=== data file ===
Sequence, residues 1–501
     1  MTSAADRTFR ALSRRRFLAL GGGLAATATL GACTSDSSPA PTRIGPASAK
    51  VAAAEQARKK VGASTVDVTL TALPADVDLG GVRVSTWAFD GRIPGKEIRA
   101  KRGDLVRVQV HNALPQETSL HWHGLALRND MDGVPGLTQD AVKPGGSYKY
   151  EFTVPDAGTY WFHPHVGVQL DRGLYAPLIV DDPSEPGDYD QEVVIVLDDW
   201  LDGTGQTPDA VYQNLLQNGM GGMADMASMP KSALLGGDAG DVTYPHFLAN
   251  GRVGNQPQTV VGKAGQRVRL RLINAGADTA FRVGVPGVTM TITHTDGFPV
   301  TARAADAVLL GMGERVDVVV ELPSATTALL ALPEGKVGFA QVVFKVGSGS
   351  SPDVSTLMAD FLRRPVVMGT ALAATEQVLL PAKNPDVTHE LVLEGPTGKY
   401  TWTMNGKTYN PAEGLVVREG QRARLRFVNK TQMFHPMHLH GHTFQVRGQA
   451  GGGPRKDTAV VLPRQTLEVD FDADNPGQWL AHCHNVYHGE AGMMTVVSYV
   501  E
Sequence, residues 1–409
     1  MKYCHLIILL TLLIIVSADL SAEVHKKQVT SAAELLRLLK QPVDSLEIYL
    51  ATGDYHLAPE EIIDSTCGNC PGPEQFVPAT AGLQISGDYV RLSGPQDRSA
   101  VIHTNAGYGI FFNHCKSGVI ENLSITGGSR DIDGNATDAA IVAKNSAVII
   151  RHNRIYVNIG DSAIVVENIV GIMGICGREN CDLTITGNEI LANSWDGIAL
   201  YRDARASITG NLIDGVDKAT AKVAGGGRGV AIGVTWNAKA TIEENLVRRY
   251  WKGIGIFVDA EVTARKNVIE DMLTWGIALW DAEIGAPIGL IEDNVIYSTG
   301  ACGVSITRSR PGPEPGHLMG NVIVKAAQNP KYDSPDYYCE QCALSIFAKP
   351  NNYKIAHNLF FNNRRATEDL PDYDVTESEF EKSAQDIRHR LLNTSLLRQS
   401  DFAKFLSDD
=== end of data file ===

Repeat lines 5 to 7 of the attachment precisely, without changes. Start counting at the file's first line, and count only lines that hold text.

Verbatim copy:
   151  EFTVPDAGTY WFHPHVGVQL DRGLYAPLIV DDPSEPGDYD QEVVIVLDDW
   201  LDGTGQTPDA VYQNLLQNGM GGMADMASMP KSALLGGDAG DVTYPHFLAN
   251  GRVGNQPQTV VGKAGQRVRL RLINAGADTA FRVGVPGVTM TITHTDGFPV